Skip to main content

All Content

Search Tips
Save
Selection
Format
Download
Published Date
Original Publication Date
Original Publication Date
PSNet Publication Date
Narrow Results By
PSNet Original Content
Commonly Searched Resource Types
1 - 3 of 3
Singh H, Thomas EJ, Mani S, et al. Arch Intern Med. 2009;169:1578-1586.
Inadequate follow-up of diagnostic testing is a known safety issue in both hospital and ambulatory settings. Adoption of information technology approaches serves as a logical solution if designed to effectively notify providers of pending or necessary follow-up actions. This study used tracking software to determine if an electronic alert for abnormal imaging results was acknowledged and acted upon in a Veterans Affairs ambulatory setting. Investigators discovered that their seemingly fail-proof system, which included dual-alert communications, still led to persistent problems with missed test results. They also found that the dual-alert communication system was unexpectedly associated with a lack of timely follow-up. The authors advocate for greater multidisciplinary approaches to address these breakdowns.
Shojania KG, Fletcher KE, Saint S. Ann Intern Med. 2006;145:592-8.
This case study presents the events surrounding the death of a woman admitted to an academic medical center with pancreatitis. The discussion analyzes the sequence of errors that transpired from initial delays in diagnosis and treatment to poor communication and handoffs (the latter is a 2007 National Patient Safety Goal). The authors also explore the common yet unresolved tension in teaching hospitals for attending physicians who must provide appropriate supervision of trainees while also allowing autonomy for growth. This article is the last of a special collection entitled "Quality Grand Rounds," a series of articles published in the Annals of Internal Medicine that explores a range of quality issues and medical errors. An accompanying editorial (available via the link below) by the series editors reflects on the experiences of producing the 13 articles in this collection, the patient safety movement in general, and the importance of sharing these stories as educational tools to drive improvement.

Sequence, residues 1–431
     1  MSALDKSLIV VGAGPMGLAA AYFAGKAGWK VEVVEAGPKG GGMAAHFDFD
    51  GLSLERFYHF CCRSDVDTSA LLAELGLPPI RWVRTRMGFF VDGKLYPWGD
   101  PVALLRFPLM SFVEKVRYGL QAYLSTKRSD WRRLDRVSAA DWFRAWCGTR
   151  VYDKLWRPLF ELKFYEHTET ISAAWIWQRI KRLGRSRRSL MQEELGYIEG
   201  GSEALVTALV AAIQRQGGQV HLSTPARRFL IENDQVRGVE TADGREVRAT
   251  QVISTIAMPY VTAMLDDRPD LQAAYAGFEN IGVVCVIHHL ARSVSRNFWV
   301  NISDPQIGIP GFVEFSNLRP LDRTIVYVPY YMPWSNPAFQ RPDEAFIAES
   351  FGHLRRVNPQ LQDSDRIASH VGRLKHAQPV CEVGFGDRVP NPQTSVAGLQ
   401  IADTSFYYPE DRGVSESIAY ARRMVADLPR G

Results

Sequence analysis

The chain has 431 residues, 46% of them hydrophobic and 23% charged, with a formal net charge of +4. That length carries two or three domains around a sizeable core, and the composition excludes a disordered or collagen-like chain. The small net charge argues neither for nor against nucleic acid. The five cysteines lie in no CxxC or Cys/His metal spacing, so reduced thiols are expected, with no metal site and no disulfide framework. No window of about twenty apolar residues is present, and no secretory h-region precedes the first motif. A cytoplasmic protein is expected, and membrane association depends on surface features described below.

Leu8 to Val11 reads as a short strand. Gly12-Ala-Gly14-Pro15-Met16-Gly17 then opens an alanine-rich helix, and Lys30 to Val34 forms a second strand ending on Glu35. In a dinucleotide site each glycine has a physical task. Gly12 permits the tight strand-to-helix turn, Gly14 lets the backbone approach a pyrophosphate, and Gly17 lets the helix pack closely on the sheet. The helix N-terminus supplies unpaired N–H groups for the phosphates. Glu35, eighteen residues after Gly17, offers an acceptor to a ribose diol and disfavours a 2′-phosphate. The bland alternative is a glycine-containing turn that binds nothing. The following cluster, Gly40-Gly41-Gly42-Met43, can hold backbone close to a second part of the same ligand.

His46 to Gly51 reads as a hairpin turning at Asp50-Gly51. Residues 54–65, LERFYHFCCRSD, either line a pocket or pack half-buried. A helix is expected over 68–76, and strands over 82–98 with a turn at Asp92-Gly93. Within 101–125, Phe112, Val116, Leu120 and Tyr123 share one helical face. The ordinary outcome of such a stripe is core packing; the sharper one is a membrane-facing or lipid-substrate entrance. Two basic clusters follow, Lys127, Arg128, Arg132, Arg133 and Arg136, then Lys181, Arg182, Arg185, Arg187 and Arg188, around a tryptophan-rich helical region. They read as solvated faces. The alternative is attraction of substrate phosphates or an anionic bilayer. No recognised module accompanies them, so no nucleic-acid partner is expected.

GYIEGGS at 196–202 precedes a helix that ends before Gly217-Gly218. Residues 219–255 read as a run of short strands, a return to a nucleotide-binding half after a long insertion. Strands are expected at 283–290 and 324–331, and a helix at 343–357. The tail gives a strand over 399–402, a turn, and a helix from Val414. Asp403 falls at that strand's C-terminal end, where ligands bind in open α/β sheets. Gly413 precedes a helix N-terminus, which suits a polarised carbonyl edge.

Gandhi TK, Kachalia A, Thomas EJ, et al. Ann Intern Med. 2006;145:488-496.
Medical errors in the outpatient setting have remained a relatively understudied aspect of patient safety. This study analyzed data from malpractice claims at four liability insurers, similar to companion studies of errors in surgical and emergency department patients, to determine the frequency and causes of missed and delayed diagnoses. Diagnostic errors resulting in patient harm occurred in 181 cases, chiefly consisting of missed or delayed diagnoses of cancer. Failure to reach a timely diagnosis was generally due to multiple process breakdowns, including failure to order an appropriate diagnostic test and inadequate follow-up planning, many of which could be ascribed to physician cognitive errors. As with prior studies using chart review, reviewer's agreement on whether an error occurred was only moderate. The authors note that due to the complexity of contributing factors to outpatient errors, simple solutions are unlikely. An accompanying editorial, available via the link below, considers the differences in the nature of errors and approaches to solving them between the inpatient and outpatient settings and calls for greater attention to tackling outpatient safety issues.